Here’s a glimpse at the state of animation in 2000 in regards to how it is today from our newest guest writer Ignacio Peña, who has worked on visual effects for some pretty kick-ass movies over the last few years. (IMDb him if you dare.)

“What’s with the chimp and the bug?”

When I think about what happened to mainstream animation around the time I saw this movie ten years ago, this line perfectly captures the whole attitude of where animation went for me after this movie. I initially went to see it in theatres more out of an innate sense of duty to support anything hand-drawn, but in high school my devotion was largely focused toward Japanese animation, and in that era of world-ending battles of robot-deities, angel hybrids and time-traveling high school students with unique hidden talents, American animation had become almost irrelevant to me by then (it must be noted that I completely missed The Iron Giant at the time, as so many unfortunately did, and I also didn’t have cable). Sure I loved all the Disney movies I’d seen as a kid, but once I got to high school, I felt like I had outgrown them.

I clearly remember the moment I first saw the poster to this movie at the Pacific Theatres one day. I was walking to whatever it was I going to watch and stopped, dead in my tracks, when I saw Emperor Kuzco in front of one giant simple word: ME. I didn’t know why but that was all I needed to know that it wasn’t going to be like anything I’d ever seen Disney release — and it wasn’t. I hadn’t laughed so much in a long time. I met a surprising amount of other teens then with whom I could throw quotes around from that movie and be responded to in turn. I quoted it to folks of all sorts, to my friends at lunchtime, to friends on the football team, to others in the theatre group, to the sporty girl I shared my first kiss with. It was the first thing I remember watching where the humor was spiked with tangents that all seemed to just make sense.

I still don’t know why this movie is what I think we needed in animation, but after seeing it again, I realize that in between conversations of broken mel scripts and animation gags, this is the manner of humor in which my coworkers and I talk to each other all the time. It’s the only film in Disney’s history where I can still look back and say “that one really doesn’t belong there,” even in it’s subsequent golden age of Pixar story-telling. It really belongs to stand with the likes of shows that came into being during that time, like Futurama and Family Guy. We began to embrace that sort of stuff, and now a great deal of American animation has become that humor.

That’s probably the biggest thing I’ve taken away from watching it again. Thanks to being involved with films lately, I’ve rewatched movies I used to enjoy and see some of that shine has worn off, and I’m not quite sure if that’s thanks to what I’ve learned working in the film industry or just that I’m older now. But I can still see this movie and forget about all of that and let it wash over me and make me really laugh. For me especially, it’s the kind of movie that provides a much-needed balance that I think is missing for me. In that sense, I don’t think I’ve changed much in 10 years. I still over-think interpersonal situations before they happen, and in doing so paralyze me from acting on them. This movie made me really laugh, and I got to laugh about it with other people, and in a way that became a secret language that helped me open up to others. These days I wonder if I could quote this movie and easily get a response from folks I’ve recently met, but even if I can’t, I feel like the effect this movie had then has lasted. This movie now is to me that mainstream cultural shift in humor that we live our daily lives on, even if that cultural shift largely happened only to me — though I suspect it doesn’t quite get the credit it really deserves on a grander scale.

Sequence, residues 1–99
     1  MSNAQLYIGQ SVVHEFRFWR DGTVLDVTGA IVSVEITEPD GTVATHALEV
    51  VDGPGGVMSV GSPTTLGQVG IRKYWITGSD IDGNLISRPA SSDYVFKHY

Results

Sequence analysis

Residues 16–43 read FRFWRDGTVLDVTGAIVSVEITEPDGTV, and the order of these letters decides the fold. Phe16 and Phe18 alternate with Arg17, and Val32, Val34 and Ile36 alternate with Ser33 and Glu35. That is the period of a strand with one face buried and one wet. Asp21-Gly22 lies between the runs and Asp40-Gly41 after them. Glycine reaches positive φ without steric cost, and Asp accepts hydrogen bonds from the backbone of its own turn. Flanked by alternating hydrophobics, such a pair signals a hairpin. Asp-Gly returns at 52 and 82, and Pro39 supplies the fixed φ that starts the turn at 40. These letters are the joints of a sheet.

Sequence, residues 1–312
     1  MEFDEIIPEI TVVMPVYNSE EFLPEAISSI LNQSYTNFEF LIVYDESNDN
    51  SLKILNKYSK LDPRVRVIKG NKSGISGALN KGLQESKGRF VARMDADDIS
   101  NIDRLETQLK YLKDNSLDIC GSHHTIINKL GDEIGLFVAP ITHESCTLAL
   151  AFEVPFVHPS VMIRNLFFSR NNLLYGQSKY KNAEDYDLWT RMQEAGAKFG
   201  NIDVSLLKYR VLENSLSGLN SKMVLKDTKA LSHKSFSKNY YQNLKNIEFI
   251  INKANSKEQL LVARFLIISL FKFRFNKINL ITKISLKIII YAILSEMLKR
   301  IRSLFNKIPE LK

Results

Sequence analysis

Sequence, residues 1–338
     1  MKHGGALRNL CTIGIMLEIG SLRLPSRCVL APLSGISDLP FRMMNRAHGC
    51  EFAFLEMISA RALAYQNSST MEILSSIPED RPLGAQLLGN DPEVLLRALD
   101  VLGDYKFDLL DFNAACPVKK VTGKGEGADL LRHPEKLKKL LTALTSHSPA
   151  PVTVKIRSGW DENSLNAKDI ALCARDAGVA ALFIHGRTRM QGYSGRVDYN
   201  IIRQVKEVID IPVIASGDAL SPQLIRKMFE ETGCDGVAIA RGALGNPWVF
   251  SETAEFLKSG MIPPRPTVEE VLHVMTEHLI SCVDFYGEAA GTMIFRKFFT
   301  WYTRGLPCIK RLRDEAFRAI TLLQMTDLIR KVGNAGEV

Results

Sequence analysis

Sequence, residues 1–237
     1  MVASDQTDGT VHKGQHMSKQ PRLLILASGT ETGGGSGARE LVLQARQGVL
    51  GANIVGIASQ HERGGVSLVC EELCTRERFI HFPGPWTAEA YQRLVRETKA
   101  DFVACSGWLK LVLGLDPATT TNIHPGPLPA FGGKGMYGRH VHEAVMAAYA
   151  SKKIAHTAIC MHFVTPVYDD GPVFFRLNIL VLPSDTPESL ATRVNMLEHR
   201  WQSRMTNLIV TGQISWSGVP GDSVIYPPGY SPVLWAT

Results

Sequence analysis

Free-Floating Thoughts:

  • I can’t watch a single movie with John Goodman and not think of Pacha. Similarly, Kuzco is without a doubt the role David Spade was born to play. So I’m glad he hasn’t really done anything majorly important to change that fact.
  • This movie was apparently going to be something entirely different when the director from The Lion King was originally involved. It was supposed to be a sweeping epic where Yzma was supposed to be a witch who harnessed the power of the sun. This would have been a disaster.
  • Kuzco turned down, what, 6 or 7 hot chicks like nothing? I know he’s the emperor in a Disney movie, but I mean, come on.
  • When Yzma plans to mail herself Flea-Kuzco to her doorstop, did she plan to leave the box herself or use a courier-service?
  • One thing still bothers me: Pacha’s tarzan vine is not anchored to a tree on that mountain when he saves Kuzco from the jaguars. There’s just no way.
  • I’m pretty sure Yzma-cat was the inspiration for lolcats.
  • Chicha gets so worked up that she needs to wash something. I always thought that was funny, but now I wonder if any feminists ever get worked up over that line. Is wanting to wash something over the line?